The approach that is right for you really comes down to whether you are a “hands-on” or a “hands-off” investor. The hands-on approach of direct investment means doing your due diligence on specific companies and their ESG credentials, which requires research and building knowledge and awareness around the issues before you make your decision. The more hands-off approach would be to pick a managed fund or ETF with an ESG focus by looking at their returns, history, time in the market, and investment strategy.

Picking a sustainable portfolio

As with all areas of investing, balance is critical when picking a sustainable portfolio, to ensure you have a strong diversity of investment assets. For example, it would not be advisable to invest all your money into a single company, or indeed a group of companies all focused on one ESG sector, such as the water treatment industry.

It is important to consider the wider market, and the broad ESG sector as a whole, to ensure an appropriate spread of investment allocations. It is also important to identify your own personal drivers in the investments you make, to identify what means something to you and where you want to invest your funds and for what reasons.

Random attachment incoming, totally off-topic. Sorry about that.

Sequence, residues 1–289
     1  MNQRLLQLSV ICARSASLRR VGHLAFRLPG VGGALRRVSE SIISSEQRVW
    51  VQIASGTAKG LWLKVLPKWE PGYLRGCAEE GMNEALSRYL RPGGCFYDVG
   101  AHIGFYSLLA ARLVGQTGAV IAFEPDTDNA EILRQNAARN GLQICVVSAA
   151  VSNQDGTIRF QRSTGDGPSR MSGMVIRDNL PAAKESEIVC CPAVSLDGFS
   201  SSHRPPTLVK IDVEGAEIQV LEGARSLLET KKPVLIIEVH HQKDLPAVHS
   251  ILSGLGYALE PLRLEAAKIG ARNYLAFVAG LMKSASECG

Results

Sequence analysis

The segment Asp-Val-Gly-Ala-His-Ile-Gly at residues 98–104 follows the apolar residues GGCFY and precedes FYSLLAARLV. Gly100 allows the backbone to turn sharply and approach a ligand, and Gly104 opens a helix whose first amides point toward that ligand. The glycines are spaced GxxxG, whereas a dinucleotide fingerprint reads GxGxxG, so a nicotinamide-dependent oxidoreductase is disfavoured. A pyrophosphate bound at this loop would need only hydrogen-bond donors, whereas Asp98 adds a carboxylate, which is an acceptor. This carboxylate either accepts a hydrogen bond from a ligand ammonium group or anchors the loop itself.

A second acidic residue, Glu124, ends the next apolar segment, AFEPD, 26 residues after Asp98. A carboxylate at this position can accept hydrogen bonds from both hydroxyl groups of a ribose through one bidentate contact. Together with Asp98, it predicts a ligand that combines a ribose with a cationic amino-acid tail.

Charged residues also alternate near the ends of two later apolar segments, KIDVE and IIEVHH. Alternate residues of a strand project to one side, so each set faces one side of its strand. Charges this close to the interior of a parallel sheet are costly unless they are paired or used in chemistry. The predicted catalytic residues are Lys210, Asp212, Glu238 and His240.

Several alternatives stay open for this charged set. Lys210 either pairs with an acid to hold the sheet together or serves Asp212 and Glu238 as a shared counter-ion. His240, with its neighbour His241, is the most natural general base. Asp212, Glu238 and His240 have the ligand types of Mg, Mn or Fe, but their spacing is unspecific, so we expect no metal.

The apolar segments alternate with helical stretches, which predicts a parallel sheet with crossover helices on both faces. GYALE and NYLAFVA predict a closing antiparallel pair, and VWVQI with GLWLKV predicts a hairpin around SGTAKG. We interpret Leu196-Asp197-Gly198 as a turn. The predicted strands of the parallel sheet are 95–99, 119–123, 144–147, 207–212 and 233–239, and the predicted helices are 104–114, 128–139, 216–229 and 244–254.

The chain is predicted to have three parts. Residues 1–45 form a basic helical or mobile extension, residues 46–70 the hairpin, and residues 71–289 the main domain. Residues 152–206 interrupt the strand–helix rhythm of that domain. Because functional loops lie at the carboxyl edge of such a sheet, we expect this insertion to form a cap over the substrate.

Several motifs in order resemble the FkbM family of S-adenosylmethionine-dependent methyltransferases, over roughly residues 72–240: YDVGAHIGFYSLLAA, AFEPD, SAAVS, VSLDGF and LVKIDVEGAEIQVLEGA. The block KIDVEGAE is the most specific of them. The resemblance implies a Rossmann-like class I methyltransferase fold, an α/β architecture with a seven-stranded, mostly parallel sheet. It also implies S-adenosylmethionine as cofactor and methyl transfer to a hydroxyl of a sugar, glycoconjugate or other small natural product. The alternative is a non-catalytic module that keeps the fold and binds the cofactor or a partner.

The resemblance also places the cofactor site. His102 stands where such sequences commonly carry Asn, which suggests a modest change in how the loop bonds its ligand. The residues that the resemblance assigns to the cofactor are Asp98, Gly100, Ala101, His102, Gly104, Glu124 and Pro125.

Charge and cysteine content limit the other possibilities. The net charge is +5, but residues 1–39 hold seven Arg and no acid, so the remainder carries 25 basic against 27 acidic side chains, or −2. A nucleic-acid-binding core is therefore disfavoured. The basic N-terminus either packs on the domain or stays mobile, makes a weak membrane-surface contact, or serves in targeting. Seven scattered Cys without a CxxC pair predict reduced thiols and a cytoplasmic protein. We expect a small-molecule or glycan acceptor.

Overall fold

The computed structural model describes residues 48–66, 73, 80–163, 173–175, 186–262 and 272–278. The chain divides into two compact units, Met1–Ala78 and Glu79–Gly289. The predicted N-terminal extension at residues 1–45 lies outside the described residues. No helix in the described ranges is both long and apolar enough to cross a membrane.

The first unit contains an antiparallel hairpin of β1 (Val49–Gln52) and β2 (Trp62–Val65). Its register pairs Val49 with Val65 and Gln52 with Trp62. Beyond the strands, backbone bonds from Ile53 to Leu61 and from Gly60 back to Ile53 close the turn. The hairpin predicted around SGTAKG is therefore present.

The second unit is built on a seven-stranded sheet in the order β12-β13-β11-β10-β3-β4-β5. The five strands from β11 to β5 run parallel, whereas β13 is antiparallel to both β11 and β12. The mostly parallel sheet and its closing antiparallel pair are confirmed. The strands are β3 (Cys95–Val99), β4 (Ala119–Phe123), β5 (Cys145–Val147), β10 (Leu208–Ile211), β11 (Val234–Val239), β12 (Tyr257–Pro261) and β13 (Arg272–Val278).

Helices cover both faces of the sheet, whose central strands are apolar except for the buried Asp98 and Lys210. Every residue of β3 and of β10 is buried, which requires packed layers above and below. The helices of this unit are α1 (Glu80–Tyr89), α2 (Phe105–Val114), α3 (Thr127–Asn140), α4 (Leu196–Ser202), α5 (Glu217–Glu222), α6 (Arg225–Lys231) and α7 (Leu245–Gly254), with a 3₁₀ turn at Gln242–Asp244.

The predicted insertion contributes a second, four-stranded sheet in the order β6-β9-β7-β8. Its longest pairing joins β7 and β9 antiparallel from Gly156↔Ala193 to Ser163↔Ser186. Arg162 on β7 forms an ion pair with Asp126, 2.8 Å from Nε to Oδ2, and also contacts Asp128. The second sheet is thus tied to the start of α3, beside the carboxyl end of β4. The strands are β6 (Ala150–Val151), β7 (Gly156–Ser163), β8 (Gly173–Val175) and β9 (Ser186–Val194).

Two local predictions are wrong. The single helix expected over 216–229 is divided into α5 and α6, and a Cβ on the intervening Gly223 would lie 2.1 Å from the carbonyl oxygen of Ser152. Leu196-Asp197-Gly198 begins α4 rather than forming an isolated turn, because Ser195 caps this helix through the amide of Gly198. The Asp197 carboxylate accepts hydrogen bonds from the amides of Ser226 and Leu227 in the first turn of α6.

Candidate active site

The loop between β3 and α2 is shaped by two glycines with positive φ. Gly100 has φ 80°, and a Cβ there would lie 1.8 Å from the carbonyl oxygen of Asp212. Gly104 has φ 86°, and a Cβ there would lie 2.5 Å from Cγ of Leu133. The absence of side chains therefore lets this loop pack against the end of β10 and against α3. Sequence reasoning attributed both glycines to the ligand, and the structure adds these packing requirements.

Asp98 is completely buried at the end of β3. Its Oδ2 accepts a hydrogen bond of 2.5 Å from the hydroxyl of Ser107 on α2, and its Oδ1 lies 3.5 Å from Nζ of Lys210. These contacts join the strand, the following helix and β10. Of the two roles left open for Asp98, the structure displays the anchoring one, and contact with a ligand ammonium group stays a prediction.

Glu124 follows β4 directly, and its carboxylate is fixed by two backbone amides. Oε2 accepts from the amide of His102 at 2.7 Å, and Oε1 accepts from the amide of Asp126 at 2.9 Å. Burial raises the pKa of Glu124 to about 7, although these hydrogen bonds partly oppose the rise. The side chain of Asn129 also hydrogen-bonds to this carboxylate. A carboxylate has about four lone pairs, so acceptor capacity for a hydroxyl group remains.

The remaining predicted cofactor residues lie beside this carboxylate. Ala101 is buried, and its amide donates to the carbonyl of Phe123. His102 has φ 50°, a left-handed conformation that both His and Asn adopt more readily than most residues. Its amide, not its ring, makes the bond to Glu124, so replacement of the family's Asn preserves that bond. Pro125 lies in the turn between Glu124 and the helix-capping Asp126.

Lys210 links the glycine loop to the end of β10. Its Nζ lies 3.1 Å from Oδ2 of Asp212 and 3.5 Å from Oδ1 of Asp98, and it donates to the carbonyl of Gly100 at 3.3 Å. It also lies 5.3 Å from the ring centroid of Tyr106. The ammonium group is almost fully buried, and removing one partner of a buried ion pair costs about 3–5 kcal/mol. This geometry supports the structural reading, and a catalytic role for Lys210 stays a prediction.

ESG as an indicator of strong leadership

Strong corporate and financial performance of companies with an ESG focus is an indicator of strong leadership, potentially because of the long-term nature of some ESG programs, which can take years to implement. Indications are that the leadership needed to drive an ESG agenda also reflects well on the overall management of the company and the objective of being a good corporate citizen.

Benefits and risks of ESG investing

One way to illustrate the benefits of ESG investing is to consider the “triple bottom line” approach, where a company measures its social and environmental impact in addition to its financial performance by assessing it against the “three P’s”, being Profit, People, and the Planet. The evidence is mounting that robust ESG credentials can positively impact financial returns.

The potential risks of ESG investing relate primarily to issues associated with standards and reporting. The lack of globally accepted standards and variation in reporting between different countries, market sectors, and companies can make it difficult to accurately compare ESG ratings in a robust manner.

As with any investment, history is no guarantee of future performance, and any investment decision must balance the risk against the potential return.